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Nat Commun. 2014 Sep 1;5:4750. doi: 10.1038/ncomms5750.

Division of labour between Myc and G1 cyclins in cell cycle commitment and pace control.

Author information

1
Computational Biology and Bioinformatics Program, Duke University, Durham, North Carolina 27708, USA.
2
1] Department of Biomedical Engineering, Duke University, Durham, North Carolina 27708, USA [2].
3
Department of Biomedical Engineering, Duke University, Durham, North Carolina 27708, USA.
4
Department of Pharmacology and Cancer Biology, Duke University, Durham, North Carolina 27708, USA.
5
Department of Molecular Genetics and Microbiology, Duke University, Durham, North Carolina 27708, USA.
6
1] Department of Pharmacology and Cancer Biology, Duke University, Durham, North Carolina 27708, USA [2] Department of Pediatrics, Duke University, Durham, North Carolina 27708, USA.
7
1] Department of Biomedical Engineering, Duke University, Durham, North Carolina 27708, USA [2] Center for Genomic and Computational Biology, Duke University, Durham, North Carolina 27708, USA [3] Duke Center for Systems Biology, Duke University, Durham, North Carolina 27708, USA.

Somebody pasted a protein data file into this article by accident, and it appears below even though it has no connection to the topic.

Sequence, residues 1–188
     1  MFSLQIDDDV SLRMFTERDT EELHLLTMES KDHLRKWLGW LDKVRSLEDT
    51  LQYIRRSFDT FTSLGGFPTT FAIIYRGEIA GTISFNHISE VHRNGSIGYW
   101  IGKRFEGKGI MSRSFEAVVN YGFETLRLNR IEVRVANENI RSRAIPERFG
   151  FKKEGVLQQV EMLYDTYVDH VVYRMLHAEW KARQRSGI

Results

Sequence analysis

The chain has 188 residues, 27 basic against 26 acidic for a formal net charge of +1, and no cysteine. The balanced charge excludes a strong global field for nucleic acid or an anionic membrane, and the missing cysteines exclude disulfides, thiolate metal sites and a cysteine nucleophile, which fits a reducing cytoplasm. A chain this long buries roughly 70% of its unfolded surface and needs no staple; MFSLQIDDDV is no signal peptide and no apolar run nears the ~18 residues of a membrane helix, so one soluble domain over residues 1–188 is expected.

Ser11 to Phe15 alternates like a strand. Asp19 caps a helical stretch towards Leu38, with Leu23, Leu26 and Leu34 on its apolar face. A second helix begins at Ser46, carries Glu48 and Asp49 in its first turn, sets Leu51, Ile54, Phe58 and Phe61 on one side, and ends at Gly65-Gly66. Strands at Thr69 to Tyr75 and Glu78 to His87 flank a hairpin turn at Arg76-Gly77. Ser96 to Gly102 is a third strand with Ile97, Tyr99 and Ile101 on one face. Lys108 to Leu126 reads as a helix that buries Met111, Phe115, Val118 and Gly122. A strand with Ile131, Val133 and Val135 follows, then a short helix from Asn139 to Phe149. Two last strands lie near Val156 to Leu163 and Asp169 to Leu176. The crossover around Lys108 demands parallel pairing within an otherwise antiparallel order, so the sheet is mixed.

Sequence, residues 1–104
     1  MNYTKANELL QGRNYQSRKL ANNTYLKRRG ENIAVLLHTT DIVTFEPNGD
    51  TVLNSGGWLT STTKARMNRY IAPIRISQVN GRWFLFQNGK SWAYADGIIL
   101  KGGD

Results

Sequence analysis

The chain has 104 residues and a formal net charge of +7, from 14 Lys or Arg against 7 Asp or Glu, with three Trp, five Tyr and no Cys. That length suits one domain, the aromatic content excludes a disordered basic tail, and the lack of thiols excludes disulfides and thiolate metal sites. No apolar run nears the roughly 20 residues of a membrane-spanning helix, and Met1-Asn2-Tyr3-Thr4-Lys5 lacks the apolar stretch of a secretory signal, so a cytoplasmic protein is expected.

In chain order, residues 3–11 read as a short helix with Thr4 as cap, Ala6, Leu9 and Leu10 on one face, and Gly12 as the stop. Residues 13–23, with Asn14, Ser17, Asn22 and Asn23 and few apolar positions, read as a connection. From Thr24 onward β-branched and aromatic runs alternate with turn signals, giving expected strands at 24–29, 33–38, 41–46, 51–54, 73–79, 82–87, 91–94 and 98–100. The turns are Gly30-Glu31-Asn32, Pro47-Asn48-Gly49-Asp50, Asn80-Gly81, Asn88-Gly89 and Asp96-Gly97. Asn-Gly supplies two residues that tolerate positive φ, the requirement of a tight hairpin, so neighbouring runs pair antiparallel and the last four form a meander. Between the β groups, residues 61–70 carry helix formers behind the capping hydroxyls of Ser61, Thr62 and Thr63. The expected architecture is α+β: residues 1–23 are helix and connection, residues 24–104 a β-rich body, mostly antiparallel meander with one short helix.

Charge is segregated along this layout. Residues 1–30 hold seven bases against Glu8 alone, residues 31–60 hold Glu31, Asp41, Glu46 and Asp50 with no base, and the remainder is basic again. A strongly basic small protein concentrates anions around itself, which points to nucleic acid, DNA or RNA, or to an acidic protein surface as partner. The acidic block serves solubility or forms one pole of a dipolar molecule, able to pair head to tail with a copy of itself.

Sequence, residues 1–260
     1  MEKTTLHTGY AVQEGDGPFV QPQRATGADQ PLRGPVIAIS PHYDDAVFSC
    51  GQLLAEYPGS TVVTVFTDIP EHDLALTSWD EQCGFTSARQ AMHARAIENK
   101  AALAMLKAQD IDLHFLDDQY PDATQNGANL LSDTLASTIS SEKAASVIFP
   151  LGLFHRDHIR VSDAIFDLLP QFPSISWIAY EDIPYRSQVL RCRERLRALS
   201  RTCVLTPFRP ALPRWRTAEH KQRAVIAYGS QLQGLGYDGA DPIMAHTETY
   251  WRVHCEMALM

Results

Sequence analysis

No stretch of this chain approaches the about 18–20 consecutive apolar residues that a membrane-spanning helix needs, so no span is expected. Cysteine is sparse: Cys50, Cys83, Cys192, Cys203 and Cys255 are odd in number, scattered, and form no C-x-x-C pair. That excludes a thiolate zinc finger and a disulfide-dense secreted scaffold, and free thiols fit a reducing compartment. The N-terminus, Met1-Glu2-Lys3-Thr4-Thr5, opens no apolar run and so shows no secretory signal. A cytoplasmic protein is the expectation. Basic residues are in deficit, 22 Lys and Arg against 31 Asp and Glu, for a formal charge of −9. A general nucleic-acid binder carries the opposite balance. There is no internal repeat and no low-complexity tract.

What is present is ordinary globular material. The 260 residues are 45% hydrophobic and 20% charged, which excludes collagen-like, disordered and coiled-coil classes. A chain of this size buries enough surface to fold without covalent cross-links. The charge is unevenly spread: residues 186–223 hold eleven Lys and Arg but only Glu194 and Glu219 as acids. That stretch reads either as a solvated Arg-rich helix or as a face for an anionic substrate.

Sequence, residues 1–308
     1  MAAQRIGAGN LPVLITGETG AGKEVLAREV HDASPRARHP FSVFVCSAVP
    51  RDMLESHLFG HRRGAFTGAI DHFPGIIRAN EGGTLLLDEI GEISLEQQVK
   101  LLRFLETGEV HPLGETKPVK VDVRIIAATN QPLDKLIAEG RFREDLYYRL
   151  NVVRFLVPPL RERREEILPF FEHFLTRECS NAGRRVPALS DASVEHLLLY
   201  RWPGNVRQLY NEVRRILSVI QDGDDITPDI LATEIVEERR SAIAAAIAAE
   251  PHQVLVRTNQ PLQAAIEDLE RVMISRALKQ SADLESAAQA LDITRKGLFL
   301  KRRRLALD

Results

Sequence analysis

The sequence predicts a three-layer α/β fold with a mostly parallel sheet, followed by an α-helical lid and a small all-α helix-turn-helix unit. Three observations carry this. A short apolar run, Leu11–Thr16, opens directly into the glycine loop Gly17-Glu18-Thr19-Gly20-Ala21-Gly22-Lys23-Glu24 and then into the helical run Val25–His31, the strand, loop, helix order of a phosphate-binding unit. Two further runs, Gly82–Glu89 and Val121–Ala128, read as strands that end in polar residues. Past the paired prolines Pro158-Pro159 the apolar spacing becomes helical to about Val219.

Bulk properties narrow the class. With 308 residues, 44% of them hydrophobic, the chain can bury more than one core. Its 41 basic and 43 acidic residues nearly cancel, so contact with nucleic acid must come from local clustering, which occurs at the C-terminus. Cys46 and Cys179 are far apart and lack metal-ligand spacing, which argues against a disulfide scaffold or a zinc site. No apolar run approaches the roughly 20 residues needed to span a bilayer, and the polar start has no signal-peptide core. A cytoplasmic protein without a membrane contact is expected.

Abstract

A body of evidence has shown that the control of E2F transcription factor activity is critical for determining cell cycle entry and cell proliferation. However, an understanding of the precise determinants of this control, including the role of other cell-cycle regulatory activities, has not been clearly defined. Here, recognizing that the contributions of individual regulatory components could be masked by heterogeneity in populations of cells, we model the potential roles of individual components together with the use of an integrated system to follow E2F dynamics at the single-cell level and in real time. These analyses reveal that crossing a threshold amplitude of E2F accumulation determines cell cycle commitment. Importantly, we find that Myc is critical in modulating the amplitude, whereas cyclin D/E activities have little effect on amplitude but do contribute to the modulation of duration of E2F activation, thereby affecting the pace of cell cycle progression.

PMID:
25175461
PMCID:
PMC4164785
DOI:
10.1038/ncomms5750
[Indexed for MEDLINE]
Free PMC Article

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